Lethal Weapon 3 Movie Review

This third instalment in the Lethal Weapon franchise suffers from the lack of a strong plot and villain. It’s every bit as good as the first two films in every other department but unfortunately, a strong plot and villain are central to films like this and this is where this third film falls down. It’s sad to see the franchise take a stumble in its third outing, but thankfully, there’s enough other elements on show to make this a worthy, if not up to par entry in the series.

The film starts off with a more low-key, but nonetheless amusing opening scene where Riggs (Mel Gibson) and Murtaugh (Danny Glover) arrive at the scene of a bomb scare. It’s a high-rise building that’s been evacuated by the emergency services, and there’s no need for them to check it out but Riggs twists Murtaugh’s arm and they go in anyway. After some funny banter between the two with Riggs mostly trying to scare Murtaugh senseless, Riggs inadvertently triggers the bomb and the two barely escape in time to see the building collapse. As a result of their actions, they are demoted down to patrolmen, but not before they manage to stop an armoured car hijacking. When they try to talk to one of the armoured car hijackers they busted, Internal Affairs steps in and the two policemen find themselves embroiled in a much wider conspiracy involved a corrupt cop named Jack Travis (Stuart Wilson) who is utilising his inside knowledge of the LAPD to smuggle guns and ammunition back on to the street and making a tidy profit. After initial being refused access to the case by Detective Lorna Cole (Rene Russo), Riggs manages to convince her that they can help and together they embark on the case to bust Travis.

There’s an intriguing plot here with the idea of a corrupt cop, internal affairs and a the notion that the villain is actually from within rather than larger-the-life ex-mercenaries or South African mobsters. Unfortunately, it’s not really drawn out much in the story and as such, Jack Travis is actually quite a lame villain, or at least the way he was written in the script. He does some nasty things, but it doesn’t feel nasty. Also, the conspiracy idea of corruption in the police force is never really developed, and could have added a whole new angle to the franchise but sadly its never exploited to its fullest potential. Much of the reason why this is so is because the filmmakers decided to focus on Murtaugh’s impending retirement sub-plot, his relationship to Riggs, and the shooting death of one of Murtaugh’s son’s friends who opens fire on Murtaugh in a shoot-out and Murtaugh has no choice but to put him down (this also leads to some of the best moments between Riggs and Murtaugh in the entire series). These are strong themes as well but because the emphasis is so much more on this side of the story, the villain and the internal affairs side of the story remains underdeveloped, leaving a film that doesn’t have a strong through-line. More work should have been done in fleshing this out as it was probably a more complicated story than the relatively straight forward us-vs-them approach from the first two films.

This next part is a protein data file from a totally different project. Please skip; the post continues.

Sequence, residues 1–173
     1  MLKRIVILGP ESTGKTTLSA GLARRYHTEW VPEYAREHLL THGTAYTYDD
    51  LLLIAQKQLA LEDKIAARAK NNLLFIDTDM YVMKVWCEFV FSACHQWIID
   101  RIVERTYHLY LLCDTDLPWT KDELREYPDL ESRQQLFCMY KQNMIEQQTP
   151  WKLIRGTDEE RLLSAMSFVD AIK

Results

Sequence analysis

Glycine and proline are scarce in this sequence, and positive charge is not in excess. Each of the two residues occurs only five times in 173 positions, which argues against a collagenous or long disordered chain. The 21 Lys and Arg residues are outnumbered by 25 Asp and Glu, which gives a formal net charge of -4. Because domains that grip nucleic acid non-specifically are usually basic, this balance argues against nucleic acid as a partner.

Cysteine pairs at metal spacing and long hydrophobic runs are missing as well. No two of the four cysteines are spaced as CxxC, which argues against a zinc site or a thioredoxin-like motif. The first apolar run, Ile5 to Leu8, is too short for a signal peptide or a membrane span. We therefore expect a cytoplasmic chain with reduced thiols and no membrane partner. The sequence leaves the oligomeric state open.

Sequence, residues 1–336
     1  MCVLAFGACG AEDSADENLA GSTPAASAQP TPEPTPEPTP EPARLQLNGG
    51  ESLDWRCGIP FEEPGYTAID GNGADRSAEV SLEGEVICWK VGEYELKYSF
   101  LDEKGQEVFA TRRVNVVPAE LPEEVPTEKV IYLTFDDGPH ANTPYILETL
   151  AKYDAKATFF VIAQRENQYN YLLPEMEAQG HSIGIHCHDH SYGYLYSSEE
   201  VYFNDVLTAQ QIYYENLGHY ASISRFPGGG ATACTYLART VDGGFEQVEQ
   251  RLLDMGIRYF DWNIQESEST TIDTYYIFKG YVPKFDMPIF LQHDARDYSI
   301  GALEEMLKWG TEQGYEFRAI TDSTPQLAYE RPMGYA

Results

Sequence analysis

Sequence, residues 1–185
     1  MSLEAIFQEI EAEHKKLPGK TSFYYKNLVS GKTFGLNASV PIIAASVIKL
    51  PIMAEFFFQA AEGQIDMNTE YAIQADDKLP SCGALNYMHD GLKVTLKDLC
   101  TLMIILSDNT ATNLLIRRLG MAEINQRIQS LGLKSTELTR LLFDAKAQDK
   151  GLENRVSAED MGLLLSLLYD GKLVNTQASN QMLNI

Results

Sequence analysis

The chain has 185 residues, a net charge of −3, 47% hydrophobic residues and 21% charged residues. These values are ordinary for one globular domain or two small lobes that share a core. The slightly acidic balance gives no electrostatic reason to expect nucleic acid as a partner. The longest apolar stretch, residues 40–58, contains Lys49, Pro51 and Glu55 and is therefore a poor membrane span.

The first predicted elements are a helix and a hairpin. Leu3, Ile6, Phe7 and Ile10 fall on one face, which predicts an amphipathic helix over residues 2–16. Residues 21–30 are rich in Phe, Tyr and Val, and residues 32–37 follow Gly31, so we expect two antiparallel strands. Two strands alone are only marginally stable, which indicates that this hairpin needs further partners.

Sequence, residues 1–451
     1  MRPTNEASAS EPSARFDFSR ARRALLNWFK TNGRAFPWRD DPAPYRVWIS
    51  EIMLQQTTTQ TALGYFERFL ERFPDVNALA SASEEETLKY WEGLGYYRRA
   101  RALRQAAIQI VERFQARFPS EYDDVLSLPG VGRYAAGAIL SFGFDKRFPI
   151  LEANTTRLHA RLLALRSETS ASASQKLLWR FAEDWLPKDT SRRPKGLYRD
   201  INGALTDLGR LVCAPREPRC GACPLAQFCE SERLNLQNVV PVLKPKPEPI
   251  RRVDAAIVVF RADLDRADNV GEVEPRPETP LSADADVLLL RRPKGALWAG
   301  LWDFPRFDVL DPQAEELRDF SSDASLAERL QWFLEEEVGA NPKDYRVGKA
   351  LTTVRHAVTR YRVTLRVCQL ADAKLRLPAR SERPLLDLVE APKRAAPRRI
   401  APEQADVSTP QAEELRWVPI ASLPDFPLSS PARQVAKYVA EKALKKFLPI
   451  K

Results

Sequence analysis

Jack Travis is not a particularly good villain, especially compared to the previous villains Riggs and Murtaugh have had to face. He’s tough, ruthless and doesn’t let any one get in his way, but as played by Stuart Wilson, he just doesn’t make you believe it. He has a nasty little laugh when he buries someone in concrete, but it’s just not sinister like the previous villains. The screenplay may have also underserved the character by not giving him much of a build-up or dramatic focus in the story.

The addition of Lorna Cole (Rene Russo) is a nice surprise; as Rigg’s alter-ego, she’s more than a match for him and leads to some quite amusing sequences, such as when she’s kicking ass against five guys who don’t stand a chance and Riggs is looking on with pride and admiration.

The action is again first rate; the armoured car hijack/car chase is fantastic to watch, least of which it provides some comedy relief between Murtaugh and a female armoured car driver who takes a liking to him in the middle of the chase. Riggs’ motorcycle chase of Travis along LA freeways is another highlight, culminating on him going over the edge of an unfinished highway section and barely escaping alive. Even the opening scene with the destruction of the building is fun to watch.

As for this being a Director’s Cut edition, I didn’t think the additional scenes added much to what was already there, and to be perfectly honest, I preferred the original cut simply because it moves faster. It’s nice to see some extra scenes, but overall, this probably wasn’t necessary. I also get the impression that these added scenes are meant to be an extra in of themselves, which I have to say is no excuse for having next to no extras on this DVD.

“Lethal Weapon 3″ is still fun and entertaining, but it is step down from the previous films.

For the complete, original DVD review, click this link: http://www.allaboutmovies.net/dvdreviewlethalweapon3.htm

Alex DeMattia is the lead DVD reviewer at the film/DVD review web site All About Movies.net. He also contributes reviews and articles for the Digicosm Film Blog: http://www.filmannex.com/Digicosm

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